- The Washington Times - Wednesday, December 17, 2014

One of the U.S. Army’s giant surveillance blimps will rise to 10,000 feet above Aberdeen Proving Grounds in Maryland on Friday for a three-year test. A second aircraft will begin testing in January.

The Army’s Joint Land Attack Cruise Missile Defense Elevated Netted Sensor System (JLENS), which is built by Raytheon, will be tested for its ability to identify incoming enemy aircraft.

“This will enable senior defense officials to support a determination whether to transition JLENS capabilities to an enduring mission at the conclusion of the three-year operational exercise,” the North American Aerospace Defense Command said in a statement on Tuesday, military.com reported.

“If you’re a commander, you want as much advance warning as possible,” retired Army Brig. Gen. Keith McNamara, told Raytheon, Business Insider reported Wednesday. “You need to know where those missiles came from as quickly as possible so you can neutralize that launcher and prevent it from firing again.”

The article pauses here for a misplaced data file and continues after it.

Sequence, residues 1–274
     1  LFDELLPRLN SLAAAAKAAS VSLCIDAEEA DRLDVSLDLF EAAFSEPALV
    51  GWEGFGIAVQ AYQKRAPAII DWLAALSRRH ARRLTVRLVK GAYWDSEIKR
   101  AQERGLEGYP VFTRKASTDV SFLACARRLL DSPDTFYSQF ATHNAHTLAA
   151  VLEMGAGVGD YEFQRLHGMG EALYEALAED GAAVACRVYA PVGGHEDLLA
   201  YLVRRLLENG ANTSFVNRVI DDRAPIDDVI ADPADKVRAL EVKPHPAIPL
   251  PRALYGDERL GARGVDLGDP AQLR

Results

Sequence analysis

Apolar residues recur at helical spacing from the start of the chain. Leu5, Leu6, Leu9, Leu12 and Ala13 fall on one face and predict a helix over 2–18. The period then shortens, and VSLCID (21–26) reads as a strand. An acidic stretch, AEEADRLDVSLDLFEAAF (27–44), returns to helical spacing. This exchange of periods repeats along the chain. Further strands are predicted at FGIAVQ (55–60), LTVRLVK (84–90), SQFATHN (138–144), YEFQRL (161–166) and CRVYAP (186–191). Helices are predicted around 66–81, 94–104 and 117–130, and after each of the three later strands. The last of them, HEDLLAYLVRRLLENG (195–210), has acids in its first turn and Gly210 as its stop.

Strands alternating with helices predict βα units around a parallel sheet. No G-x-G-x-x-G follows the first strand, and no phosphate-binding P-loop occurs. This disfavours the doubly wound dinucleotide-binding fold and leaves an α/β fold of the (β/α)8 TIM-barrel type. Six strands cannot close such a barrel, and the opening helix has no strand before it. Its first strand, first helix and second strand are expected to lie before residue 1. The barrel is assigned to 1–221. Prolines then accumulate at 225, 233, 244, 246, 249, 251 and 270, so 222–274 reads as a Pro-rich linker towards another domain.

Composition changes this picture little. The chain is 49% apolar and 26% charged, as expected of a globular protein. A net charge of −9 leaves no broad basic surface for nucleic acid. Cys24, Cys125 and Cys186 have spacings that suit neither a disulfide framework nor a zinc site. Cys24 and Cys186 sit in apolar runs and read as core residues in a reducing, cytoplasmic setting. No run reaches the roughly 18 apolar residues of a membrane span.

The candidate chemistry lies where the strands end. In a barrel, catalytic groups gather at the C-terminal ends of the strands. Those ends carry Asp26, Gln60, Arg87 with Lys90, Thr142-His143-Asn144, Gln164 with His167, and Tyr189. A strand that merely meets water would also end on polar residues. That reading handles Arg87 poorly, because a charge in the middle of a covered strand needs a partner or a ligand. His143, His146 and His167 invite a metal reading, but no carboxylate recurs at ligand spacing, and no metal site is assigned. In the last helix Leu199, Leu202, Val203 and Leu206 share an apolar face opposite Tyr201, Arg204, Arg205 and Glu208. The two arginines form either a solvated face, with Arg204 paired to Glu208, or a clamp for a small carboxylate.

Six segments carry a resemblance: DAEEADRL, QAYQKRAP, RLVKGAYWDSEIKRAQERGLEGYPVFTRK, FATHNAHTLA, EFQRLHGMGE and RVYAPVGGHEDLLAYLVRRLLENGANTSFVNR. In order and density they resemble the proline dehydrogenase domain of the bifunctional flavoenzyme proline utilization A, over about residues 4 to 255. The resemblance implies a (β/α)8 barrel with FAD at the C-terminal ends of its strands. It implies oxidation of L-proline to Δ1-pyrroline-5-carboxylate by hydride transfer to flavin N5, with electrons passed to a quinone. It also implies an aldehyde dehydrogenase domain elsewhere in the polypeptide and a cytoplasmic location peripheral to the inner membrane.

JLENS is capable of giving the army 360 degrees of defensive radar coverage and can stay in the air for up to one month at a time. The aircraft, which is filled with non-flammable gases, is roughly 80 yards long and can spot unmanned aircraft from up to 340 miles away, Raytheon says on its website.

NORAD said in its statement that the aircraft “cannot see people and do not have cameras onboard,” military.com reported.


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